During the three years that I lived in Milwaukee while completing my Ph.D. studies at Marquette University, I made some additional money beyond the pittance I earned as a teaching fellow by serving as the organist for Grace Presbyterian Church. I studied piano from age four, thought until my senior year in high school that I would be a concert pianist, realized that I would not be (I was good, but was not that good), then taught myself the organ in my mid-twenties after observing that I could make a bit of money by playing Sunday services for various congregations. Over time I played in churches ranging from Catholic to Unitarian, Baptist to Episcopalian, frequently noting that I was a “church tramp”—I would attend any church that paid me to do so.
Grace Presbyterian was a small church, with no more than 100 or so in attendance each Sunday. In addition to playing the modest pipe organ, my duties included being responsible for their choir, which consisted of five people—one for each of the four parts with an extra soprano thrown in. And they were trying to sing pieces in four-part harmony, often pieces that would have been a challenge for choirs three or four times larger with well-trained voices.
Which they were not. Three of the five could read music reasonably well; one of the members who could read music was also tone-deaf. They sang with gusto, but the quality of their product was well below the energy they brought to it. So, I introduced them to some material that I thought, musically speaking, was more appropriate for their abilities. My wife Jeanne had a singing career during her twenties before we met in our early thirties; one part of that career was being a minister of music and cantor in several Catholic churches in Brooklyn where she grew up. Jeanne introduced me to the music of the Saint Louis Jesuits, music whose deliberate simplicity in either unison or two parts is intended for congregational singing—or for choirs such as the one at Grace Presbyterian.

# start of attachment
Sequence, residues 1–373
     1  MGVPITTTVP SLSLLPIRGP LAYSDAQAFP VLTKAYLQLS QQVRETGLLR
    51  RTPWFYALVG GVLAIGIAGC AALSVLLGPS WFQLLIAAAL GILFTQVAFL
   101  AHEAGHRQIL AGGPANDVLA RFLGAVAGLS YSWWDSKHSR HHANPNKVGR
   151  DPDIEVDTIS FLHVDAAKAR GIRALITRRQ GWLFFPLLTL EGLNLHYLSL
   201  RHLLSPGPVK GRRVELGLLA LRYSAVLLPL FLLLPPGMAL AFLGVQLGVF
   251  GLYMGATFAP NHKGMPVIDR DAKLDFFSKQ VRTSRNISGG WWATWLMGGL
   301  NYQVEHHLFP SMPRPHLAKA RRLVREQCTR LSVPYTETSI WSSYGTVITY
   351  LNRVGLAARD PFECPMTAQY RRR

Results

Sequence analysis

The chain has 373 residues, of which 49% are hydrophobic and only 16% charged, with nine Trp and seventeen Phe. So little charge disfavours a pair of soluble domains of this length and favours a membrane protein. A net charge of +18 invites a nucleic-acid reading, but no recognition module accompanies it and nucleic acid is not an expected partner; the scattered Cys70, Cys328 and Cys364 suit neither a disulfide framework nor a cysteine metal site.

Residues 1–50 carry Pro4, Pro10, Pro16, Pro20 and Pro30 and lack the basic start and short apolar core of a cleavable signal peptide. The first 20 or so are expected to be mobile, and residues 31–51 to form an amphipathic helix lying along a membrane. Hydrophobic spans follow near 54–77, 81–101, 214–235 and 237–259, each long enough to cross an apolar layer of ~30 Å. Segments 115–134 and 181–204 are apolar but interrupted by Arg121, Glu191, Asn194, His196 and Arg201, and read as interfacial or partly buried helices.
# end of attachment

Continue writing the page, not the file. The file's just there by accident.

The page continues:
Anyone familiar with folk masses will recognize some of the tunes from the Saint Louis Jesuits: “Be Not Afraid,” “Here I Am, Lord,” “You Are Near,” “The Cry of the Poor,” and more. Simple, straightforward, boring, and downright offensive to many. But they are singable, easily memorized, and can be handled by a congregation unused to participating in corporate song. Just perfect for my choir, in other words—and they loved the new tunes. Of course, I did not reveal to the choir they were learning Catholic worship songs until the new pieces became such a basic part of their repertoire that they were willing to look past their controversial source.
As we approached Easter one year, I taught them “I Am the Bread of Life,” by John Michael Talbot, another important contributor to Catholic renewal music since the 1970s. The song is a setting of passages from John 6, a bit more challenging (but not much more) than the Saint Louis Jesuits’ tunes. The choir took to the new song like ducks to water, until someone paid close attention to the text they were actually singing. The first verse is lovely:
I am the bread of life.
He who comes to me shall not hunger;
he who believes in me shall not thirst.
No one can come to me
unless the Father draw him.
And I will raise him up,
and I will raise him up,
and I will raise him up on the last day.
And so is the next one. Then we get this from John 6:53 in the third verse:
Unless you eat
of the flesh of the Son of Man
and drink of his blood,
and drink of his blood,
you shall not have life within you.